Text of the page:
If local regulations and restrictions allow, you may wish to use a slightly adapted online meeting, whereby the candidates and the Chair are present in person (e.g. in a church building) and join the audience in an online meeting. Think of BBC’s Question Time with its virtual audience. As with option 1, questions from the audience can be submitted through the chat function. Candidates may be more comfortable with this format, and the conversation may be more fluid as candidates are addressed in person.
With these options it is worth considering the following:
- Numbers: How many people will attend? And does the online platform that you are using have a limit on the number of participants allowed in a given meeting?
- Subscriptions and time limits: Do you need a subscription or membership for your chosen online platform? For example, on Zoom Meetings, the host will require a paid account to run a meeting longer than 40 minutes, so consider if there is a paid church or community account you can use or purchase. If moving online allows you to collaborate across a bigger area, it may be possible to pool resources for a more professional or effective event.
- Streaming: With some added complexity, it is possible to stream online meetings to platforms such as Facebook and YouTube. This way, you could solely include the panel on your video conferencing call, and everyone else watches via these other platforms, and submits a question via the live comments on the platform, which is monitored by a moderator and reported back to the Chair.
- Facilities: If considering a hybrid approach, do you have a building set up with filming or live-streaming facilities and a reliable internet connection?
- Registration: How widely do you want your event to be shared? You may wish to create a registration page for your event, to allow people to register to receive the meeting details. This will allow greater security, as you can control the sharing of your meeting password. Registration pages can be made on Eventbrite or other websites can provide registration pages easily.
- Hosting: Appointing a coordinator or moderator to act as a technical host is essential. This person can manage the attendees, monitor a chat function, respond to any IT issues and keep on top of questions or comments. This allows the chair to focus on managing the meeting and engaging with the candidates.
- Time-keeping: Creating a schedule that the host and coordinator are aware of will help to ensure your event has pace, and that all candidates are given equal time to speak. Make sure that candidates are aware how long the meeting will be, and outline this for the attendees at the beginning. If you plan to take audience questions, make sure you outline how these will be submitted – through the chat feature, etc. – and when they will be addressed.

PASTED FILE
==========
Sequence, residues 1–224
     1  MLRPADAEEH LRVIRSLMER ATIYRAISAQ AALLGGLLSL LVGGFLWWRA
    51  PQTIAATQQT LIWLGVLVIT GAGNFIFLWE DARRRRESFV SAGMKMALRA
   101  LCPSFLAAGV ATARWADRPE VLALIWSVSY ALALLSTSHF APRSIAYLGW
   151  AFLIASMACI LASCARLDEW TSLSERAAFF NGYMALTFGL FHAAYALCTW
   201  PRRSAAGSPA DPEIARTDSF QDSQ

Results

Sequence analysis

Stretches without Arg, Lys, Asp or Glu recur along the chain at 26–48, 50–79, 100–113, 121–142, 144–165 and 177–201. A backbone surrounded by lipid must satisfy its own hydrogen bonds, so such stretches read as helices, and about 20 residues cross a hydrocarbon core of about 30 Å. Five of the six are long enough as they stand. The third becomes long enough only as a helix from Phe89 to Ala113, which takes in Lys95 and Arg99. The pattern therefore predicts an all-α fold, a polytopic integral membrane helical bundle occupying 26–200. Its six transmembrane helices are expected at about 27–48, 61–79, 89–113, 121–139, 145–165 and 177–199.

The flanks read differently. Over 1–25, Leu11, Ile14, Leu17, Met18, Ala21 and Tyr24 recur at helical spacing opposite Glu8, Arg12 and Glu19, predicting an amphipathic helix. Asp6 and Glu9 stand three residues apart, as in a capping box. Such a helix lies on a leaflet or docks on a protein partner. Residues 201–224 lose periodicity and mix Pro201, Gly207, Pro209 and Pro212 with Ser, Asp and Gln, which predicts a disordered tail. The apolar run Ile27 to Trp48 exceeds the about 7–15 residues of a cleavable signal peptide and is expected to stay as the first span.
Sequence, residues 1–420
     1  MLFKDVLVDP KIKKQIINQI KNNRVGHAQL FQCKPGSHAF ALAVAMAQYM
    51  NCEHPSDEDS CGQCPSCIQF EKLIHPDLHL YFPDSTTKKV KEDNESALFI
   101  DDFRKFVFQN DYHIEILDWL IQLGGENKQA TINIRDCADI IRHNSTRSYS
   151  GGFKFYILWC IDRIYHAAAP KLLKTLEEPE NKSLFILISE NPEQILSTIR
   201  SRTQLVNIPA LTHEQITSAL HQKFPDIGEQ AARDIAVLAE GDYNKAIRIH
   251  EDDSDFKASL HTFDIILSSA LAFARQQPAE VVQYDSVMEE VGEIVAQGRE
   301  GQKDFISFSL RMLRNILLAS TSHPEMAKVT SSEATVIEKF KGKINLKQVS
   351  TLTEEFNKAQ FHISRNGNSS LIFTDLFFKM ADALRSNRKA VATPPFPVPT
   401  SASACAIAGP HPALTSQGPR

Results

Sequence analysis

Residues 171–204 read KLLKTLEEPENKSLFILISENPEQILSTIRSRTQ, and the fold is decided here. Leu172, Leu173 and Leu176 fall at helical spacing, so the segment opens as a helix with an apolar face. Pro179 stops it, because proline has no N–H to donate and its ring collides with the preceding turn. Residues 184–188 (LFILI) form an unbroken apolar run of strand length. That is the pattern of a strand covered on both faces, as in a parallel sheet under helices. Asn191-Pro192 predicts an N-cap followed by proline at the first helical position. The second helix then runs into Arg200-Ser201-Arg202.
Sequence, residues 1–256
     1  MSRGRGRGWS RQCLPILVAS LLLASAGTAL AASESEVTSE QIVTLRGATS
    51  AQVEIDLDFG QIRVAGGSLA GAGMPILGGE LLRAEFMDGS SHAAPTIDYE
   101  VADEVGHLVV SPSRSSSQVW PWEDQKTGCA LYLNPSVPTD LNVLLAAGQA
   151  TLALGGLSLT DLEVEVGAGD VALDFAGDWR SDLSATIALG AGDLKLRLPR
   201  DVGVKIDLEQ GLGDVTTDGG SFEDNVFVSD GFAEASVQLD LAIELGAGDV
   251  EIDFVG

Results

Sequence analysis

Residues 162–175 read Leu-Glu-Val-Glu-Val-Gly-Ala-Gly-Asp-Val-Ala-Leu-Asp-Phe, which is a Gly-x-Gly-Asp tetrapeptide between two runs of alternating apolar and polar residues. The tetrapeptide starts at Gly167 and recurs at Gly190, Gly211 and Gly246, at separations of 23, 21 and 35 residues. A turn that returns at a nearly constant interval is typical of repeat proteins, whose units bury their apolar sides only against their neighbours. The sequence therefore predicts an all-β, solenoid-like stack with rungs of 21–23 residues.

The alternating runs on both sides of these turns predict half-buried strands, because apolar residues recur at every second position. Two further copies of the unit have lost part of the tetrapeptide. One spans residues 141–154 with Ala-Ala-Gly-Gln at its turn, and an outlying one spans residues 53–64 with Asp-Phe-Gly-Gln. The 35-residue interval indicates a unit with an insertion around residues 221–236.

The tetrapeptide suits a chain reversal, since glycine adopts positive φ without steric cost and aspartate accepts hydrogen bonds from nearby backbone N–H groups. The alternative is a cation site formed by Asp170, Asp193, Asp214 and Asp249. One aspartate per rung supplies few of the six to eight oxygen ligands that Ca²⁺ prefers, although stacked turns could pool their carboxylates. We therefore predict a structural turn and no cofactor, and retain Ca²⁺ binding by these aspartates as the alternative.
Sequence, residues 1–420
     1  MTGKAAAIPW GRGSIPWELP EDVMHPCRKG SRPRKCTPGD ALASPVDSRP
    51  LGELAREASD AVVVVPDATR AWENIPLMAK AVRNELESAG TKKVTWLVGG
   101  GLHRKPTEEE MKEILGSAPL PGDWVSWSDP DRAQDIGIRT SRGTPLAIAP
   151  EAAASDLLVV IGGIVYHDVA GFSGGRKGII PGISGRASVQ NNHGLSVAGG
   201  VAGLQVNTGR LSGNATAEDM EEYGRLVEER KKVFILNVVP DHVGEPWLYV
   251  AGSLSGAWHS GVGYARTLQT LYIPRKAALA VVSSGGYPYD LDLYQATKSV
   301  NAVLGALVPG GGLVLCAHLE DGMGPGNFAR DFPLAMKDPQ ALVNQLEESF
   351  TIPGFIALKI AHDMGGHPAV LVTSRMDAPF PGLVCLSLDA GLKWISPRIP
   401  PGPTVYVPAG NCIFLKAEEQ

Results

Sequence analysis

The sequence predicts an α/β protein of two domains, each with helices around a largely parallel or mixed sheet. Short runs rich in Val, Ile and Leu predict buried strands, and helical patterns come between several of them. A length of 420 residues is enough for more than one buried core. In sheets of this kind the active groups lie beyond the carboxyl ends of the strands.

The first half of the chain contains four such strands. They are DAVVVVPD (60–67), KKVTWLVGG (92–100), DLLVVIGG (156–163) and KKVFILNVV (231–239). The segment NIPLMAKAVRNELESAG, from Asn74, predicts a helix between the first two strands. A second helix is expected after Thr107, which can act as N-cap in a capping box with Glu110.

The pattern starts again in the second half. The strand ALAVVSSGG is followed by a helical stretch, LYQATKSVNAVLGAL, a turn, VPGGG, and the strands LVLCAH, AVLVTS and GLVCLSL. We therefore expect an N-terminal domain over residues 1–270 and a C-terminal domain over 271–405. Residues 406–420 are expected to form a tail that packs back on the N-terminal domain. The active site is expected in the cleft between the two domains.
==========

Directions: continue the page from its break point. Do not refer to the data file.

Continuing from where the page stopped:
- Online etiquette: Though many of us are now entirely acclimatised to online life, it is worth agreeing ahead of time a set of house rules to share with attendees at the beginning of a meeting. This could take into account remaining muted or sending messages via the chat function.
- Accessibility: Some online platforms have captioning functions that can be used to improve the accessibility of meetings. If you choose to share recordings of your meeting, or produce a pre-recorded resource, consider subtitling it to ensure it can be used by as many members of your community as possible.
- Translation: You may also want to consider translating the husting into an additional language that is used by the intended audience or panel members.
In Wales, it is good practice to consider simultaneous spoken translation (available on Zoom and some other platforms). The translator should be competent and politically neutral. Unless a suitably qualified volunteer is available, this should be budgeted for. Translation will enable those candidates who wish to speak in Welsh to do so and still be immediately understood by everyone. Equally, the moderator needs to be able to field questions in both Welsh and English.
- Security: Depending on the circulation of your meeting’s details, you may have security issues with unexpected attendees or indecent messages. Ensuring you have a moderator who can respond quickly by removing people or posts if necessary will help to manage this. Alongside house rules, you may wish to agree an ‘action plan’ on how they will manage a security breach, to minimise disruption. A ‘waiting room’ setup means that each person can be vetted by a technical host before entering the main video conferencing area.
- Recording and permission: You may choose to record your meeting and upload it for sharing with people who were not able to attend If you are intending to share recordings of any meetings, ensure you make this clear, and allow people to turn off their camera and microphone if they are not comfortable being recorded.